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Fundraiser

A scene from last year’s event. Photo by Bea Ruberto

By Ernestine Franco

Help the best and brightest young people in our community by attending this year’s Sound Beach Civic Association scholarship fundraiser — a food fair and raffle auction that will allow the Civic to award $1,000 scholarships to two high school seniors for the seventh consecutive year.  The event will be held on Sunday, July 12, from 4 to 8 p.m., at the Sound Beach Firehouse, 152 Sound Beach Blvd., Sound Beach.

Come sample steak tidbits, baked clams, General Tso’s chicken, eggplant parmigiana and more, as more than a dozen area restaurants have donated their signature dishes, including CaraMia Restaurant, Papa Francesco’s, Great Wall and Hartlin Inn of Sound Beach; Sea Basin and J & R’s Steakhouse of Rocky Point;  Tuscany Gourmet Market, CP La Manno’s, Miller Place Pastaria, Rubino’s and Fusilli Restaurant of Miller Place; and Land & Sea Restaurant of Mt. Sinai. Coffee will be provided by Starbuck’s in Miller Place and dessert will include two cakes (one a chocolate mousse, the other a vanilla creme), creme puffs, eclairs and cookies.

A scene from last year’s event. Photo by Bea Ruberto
A scene from last year’s event. Photo by Bea Ruberto

More than 50 great raffle prizes, donated by local merchants and individuals, will be raffled off, including artwork, housewares, pet products, kids’ games, wine baskets, a lotto tree, home décor and a variety of gift certificates, including one valued at $500 from Reality Carpet in Rocky Point. The door prize will be a flower arrangement donated by Flowers on Broadway in Rocky Point.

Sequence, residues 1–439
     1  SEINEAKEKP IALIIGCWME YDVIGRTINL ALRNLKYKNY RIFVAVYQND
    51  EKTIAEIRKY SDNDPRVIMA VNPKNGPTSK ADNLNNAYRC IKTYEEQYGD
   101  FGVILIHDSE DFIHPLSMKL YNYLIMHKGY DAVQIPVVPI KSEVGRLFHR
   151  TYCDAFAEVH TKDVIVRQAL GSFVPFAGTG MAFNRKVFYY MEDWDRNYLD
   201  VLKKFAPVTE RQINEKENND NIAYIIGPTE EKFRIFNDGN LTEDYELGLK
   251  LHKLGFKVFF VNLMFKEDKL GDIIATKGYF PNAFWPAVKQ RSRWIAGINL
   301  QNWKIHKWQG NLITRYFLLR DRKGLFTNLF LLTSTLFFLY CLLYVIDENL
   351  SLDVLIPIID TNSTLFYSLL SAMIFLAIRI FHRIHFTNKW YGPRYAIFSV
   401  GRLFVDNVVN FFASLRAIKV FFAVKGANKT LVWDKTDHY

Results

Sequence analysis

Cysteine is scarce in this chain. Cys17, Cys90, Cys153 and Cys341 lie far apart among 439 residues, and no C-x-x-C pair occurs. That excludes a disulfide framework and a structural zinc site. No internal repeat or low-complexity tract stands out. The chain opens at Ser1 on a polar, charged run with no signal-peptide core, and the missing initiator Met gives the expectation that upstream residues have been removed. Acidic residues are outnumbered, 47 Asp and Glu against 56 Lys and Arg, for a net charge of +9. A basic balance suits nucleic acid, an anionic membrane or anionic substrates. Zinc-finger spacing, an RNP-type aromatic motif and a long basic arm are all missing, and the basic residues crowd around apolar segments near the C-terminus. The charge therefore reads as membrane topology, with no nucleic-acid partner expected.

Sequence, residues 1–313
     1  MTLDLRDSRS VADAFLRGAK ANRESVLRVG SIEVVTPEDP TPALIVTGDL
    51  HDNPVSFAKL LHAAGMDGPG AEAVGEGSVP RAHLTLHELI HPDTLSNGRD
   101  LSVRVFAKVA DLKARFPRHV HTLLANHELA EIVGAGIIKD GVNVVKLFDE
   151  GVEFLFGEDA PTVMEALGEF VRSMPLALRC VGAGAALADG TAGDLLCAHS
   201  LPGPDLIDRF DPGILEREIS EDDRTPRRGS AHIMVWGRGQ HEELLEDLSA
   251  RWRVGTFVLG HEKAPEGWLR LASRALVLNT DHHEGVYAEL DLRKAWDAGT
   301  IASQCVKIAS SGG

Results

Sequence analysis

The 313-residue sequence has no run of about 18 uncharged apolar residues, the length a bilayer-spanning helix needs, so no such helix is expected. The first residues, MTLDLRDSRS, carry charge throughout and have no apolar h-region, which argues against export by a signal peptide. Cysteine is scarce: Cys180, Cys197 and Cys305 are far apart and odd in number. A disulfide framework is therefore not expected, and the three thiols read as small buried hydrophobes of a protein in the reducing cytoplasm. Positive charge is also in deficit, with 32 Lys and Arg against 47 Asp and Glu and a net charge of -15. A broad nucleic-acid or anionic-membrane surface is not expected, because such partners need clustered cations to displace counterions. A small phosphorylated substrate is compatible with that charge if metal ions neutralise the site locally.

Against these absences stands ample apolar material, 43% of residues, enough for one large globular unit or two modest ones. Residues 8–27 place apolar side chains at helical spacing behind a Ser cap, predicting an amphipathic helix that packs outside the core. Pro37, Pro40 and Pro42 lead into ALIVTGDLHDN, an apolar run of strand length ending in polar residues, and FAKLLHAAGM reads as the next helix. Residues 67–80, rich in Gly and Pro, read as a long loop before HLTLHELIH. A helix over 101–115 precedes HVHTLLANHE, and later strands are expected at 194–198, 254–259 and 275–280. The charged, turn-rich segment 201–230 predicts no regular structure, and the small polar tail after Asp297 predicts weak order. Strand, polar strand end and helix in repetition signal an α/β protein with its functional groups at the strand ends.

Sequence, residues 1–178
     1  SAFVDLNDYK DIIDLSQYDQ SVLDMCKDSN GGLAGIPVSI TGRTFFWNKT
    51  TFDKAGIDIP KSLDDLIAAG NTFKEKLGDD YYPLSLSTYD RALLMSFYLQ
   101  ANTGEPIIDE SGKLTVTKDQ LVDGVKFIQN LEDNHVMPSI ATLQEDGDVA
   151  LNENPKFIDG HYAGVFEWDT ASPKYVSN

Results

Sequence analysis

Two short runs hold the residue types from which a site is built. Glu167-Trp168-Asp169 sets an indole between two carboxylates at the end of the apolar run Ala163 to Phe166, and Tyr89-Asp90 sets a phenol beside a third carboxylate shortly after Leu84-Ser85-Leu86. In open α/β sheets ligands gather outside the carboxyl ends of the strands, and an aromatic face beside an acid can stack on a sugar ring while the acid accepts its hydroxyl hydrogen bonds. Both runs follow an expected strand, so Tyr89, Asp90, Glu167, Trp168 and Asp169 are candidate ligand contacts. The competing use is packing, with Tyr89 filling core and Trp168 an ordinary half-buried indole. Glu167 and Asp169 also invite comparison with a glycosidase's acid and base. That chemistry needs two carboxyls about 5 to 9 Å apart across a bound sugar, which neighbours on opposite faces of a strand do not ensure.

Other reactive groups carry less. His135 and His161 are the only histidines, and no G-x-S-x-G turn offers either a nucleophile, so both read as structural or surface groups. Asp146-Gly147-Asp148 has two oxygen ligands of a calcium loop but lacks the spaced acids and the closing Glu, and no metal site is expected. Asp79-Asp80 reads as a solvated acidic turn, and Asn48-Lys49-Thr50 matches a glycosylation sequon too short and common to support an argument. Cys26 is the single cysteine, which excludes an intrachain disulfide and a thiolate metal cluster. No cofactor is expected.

Nicole Berg and Megan McCarthy, this year’s recipients of the scholarships, will be in attendance and Councilwoman Jane Bonner (C-Rocky Point), who has been a strong supporter of this worthy cause from the beginning, will be on hand to honor their achievements. “The Sound Beach Civic does so many wonderful things for Sound Beach,” Bonner said, “and this is just one of them. It’s a great opportunity to honor their annual scholarship winners, meet great new people, catch up with old friends and try some yummy, local food.”

Congressman Lee Zeldin (R-Shirley)will be there to honor former Civic president John Moerlins, who passed away several years ago. A copy of a testimonial that will go into the Congressional Record will be presented to John Moerlins’ widow, Audrey Moerlins.

Civic president Bea Ruberto fondly recalls one of the previous recipients, Cassidy Bohan. “Cassidy was one of the first to receive the scholarship,” Ruberto said, “and she keeps in touch and has done so well.” Bohan attended the Fashion Institute of Technology and is currently working in advertising as a campaign manager.

When asked what receiving the scholarship meant to her, Bohan said, “It was an honor to receive the support of a community that I love so much.”

“It’s been so gratifying to be part of this,” Ruberto said, “and I hope to see a lot of people at this year’s event.”

Tickets are $20 each, $18 each for a table of eight, $10 for children under 12, and free for children under 6. For more information or to order tickets, call 631-744-6952.

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Boy Scout Troop 45 and Cub Scout Pack 41 are hosting a pancake breakfast fundraiser to help make their activities sweeter.

The breakfast will take place on Sunday, May 17, from 8:30 a.m. until noon, at the Port Jefferson firehouse on Maple Place.

Scouts are selling tickets for the breakfast. Those tickets are $5 each and may be purchased at the door on the day of the breakfast fundraiser. Children under 6 are free.

All proceeds from the pancake breakfast benefit troop and pack activities and help defray the cost of summer camp for individual Scouts.

Both the troop and pack are sponsored by the First Presbyterian Church of Port Jefferson.

Volunteers help out in the garden at the Bethel Hobbs Community Farm, located on Oxhead Road in Centereach. File photo

By Jenni Culkin

A small Centereach farm, about 11 acres in size, is reaching out to the community to raise the funds necessary to continue doing its good work.

The farm has been growing vegetables and other crops to donate to food pantries and people in need since 2007, according to Peter Castorano, one of Bethel Hobbs Community Farm’s caretakers, who lives in the sole house on the property.

“Ann started it all,” said Castorano.

That Ann is Ann Pellegrino.